The majority of patients haven’t got a clue as to what is going on. I’m having to give B12 injections to the staff at work because FINALLY when B12 testing was done when one of them was unable to get up out of bed in the morning her level was so low. She’s just fortunate that the injections are working for her.

    What very few people are aware of is that in Canada (not so much in the USA) milk is the most important source of dietary iodine. Statistics Canada published a study back in 2011 based on urinary iodine spot testing showing that up to age 18 most young people in the country are iodine replete. As people get older, they consume less dairy products and then after middle age they are being told to cut back on their salt intake (iodized). So over 40% of people over age 60 have suboptimal and deficient iodine status. They are being given statins and diuretics (poor kidney function = subpar thyroid), the kidneys aren’t getting enough energy so they raise the blood pressure and oops, the patient ends up on ACE inhibitors…. blahblahblah. Synthroid represents the highest number of prescriptions filled in this country. Since prescriptions are usually for 100 days, how many people could benefit from dietary modfications? But you KNOW full fat milk contains evil cholesterol. That message is really hard to kill. It’s like Whack A Mole.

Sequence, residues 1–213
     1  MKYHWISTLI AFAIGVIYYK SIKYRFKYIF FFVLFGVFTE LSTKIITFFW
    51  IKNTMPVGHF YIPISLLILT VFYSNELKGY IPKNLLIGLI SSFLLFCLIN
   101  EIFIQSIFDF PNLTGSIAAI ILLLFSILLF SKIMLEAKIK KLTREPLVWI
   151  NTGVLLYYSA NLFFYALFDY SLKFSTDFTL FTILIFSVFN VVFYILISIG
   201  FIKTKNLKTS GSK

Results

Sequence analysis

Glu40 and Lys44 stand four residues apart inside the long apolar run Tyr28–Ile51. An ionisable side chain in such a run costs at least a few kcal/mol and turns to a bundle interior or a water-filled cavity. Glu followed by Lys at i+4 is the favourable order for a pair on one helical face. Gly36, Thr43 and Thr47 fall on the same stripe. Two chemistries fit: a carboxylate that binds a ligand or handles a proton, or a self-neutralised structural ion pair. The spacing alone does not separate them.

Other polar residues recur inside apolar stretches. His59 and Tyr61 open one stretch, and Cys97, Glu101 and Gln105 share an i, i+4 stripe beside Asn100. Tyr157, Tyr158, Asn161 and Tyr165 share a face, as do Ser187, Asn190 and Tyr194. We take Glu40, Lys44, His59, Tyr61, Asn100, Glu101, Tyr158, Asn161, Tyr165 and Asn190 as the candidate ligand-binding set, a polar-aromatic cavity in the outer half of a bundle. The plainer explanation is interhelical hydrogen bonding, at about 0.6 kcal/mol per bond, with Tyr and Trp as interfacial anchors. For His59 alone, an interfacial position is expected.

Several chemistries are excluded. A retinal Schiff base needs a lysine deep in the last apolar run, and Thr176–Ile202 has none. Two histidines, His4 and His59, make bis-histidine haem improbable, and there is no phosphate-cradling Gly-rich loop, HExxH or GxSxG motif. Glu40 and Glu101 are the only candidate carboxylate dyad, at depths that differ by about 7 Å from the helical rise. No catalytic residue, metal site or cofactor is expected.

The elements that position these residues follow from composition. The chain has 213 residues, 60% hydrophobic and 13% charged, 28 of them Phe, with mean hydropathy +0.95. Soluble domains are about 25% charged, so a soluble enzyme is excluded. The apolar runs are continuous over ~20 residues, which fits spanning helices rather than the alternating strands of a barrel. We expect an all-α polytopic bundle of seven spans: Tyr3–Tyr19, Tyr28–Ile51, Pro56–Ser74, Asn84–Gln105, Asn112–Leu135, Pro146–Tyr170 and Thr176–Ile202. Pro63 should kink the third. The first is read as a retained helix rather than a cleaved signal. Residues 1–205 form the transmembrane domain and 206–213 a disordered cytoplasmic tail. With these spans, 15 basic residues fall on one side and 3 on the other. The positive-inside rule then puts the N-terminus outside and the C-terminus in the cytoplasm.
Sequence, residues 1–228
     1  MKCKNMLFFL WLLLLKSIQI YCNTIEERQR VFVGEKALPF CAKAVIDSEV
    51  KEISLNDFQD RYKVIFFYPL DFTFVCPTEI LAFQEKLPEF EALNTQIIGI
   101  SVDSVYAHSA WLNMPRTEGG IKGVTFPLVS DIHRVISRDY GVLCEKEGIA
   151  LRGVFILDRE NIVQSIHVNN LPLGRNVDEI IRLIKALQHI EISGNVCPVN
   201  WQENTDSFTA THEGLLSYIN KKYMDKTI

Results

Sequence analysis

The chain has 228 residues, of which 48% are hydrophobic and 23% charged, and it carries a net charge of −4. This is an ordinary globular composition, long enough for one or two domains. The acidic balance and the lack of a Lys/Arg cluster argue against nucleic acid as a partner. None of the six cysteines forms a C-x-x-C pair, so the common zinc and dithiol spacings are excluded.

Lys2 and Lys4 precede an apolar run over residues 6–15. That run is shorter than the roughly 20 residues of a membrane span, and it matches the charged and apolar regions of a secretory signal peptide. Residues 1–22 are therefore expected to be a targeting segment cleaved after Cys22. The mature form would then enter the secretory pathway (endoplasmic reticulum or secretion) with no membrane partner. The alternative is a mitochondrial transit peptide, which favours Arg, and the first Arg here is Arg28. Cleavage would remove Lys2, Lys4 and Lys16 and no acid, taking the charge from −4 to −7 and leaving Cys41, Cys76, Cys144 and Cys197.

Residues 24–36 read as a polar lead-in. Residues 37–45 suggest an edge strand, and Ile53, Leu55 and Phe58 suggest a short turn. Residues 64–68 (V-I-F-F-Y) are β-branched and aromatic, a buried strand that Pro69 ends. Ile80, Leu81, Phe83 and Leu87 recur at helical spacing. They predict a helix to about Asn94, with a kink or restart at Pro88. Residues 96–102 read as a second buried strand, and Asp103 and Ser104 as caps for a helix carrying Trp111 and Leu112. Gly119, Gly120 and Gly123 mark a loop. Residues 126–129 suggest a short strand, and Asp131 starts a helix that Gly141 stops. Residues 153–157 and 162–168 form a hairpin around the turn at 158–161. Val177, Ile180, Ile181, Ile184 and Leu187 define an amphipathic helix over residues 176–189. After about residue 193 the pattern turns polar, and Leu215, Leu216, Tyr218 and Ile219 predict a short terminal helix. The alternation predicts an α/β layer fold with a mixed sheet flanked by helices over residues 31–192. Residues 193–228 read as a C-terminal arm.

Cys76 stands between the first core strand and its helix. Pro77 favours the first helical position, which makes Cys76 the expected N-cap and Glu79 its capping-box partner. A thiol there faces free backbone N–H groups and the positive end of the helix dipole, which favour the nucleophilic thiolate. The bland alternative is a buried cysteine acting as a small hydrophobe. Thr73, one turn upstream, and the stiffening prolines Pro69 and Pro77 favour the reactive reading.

One of my friends is a locum physician in small town northern Manitoba. An elderly woman (on all this polypharmacy) was admitted. Her daughter was told that mom had only a few days left. So the daughter convinced the physician (not my friend) to stop all the meds her mom has to pop seeing as how she’s going to die anyway. 2 days later the mom was dancing in the hallway. She was discharged with only Metformin left of all the meds she’d been taking. Damn scary stuff.

    Was this a rant?

    Reply
    1. thehomeschoolingdoctor Post author

      Good Morning, Gabriella!

      “She maintains that fertility (hormone levels) and breast cancer are trade offs. Nature doesn’t care if you die of breast cancer when you are post-menopausal, so long as you’ve procreated.”

      HA! That’s a nice, cynical point of view. (Perhaps nature doesn’t care because it knows divinity wants us sooner…?)

      “Statistics indicate that women who breastfeed have a lower incidence of breast cancer. I’d assume this is because prolonged breastfeeding of multiple offspring would also result in years and years of lower estrogen levels.”

      Yes, I suppose so. Unfortunately, on the other hand, it can cause some significant discomfort for the women as well, with vaginal dryness, low libido, headaches, mood changes. Such a balance.

      “Low thyroid function = low fertility/high miscarriage rate. Are women with suboptimal thyroid function also having out of balance sex hormones as well? I have not looked into this but the fertility clinics need to check this sort of thing out.”

      It seems like it goes both ways, too. Thyroid on the sex hormones. And sex hormones on the thyroid.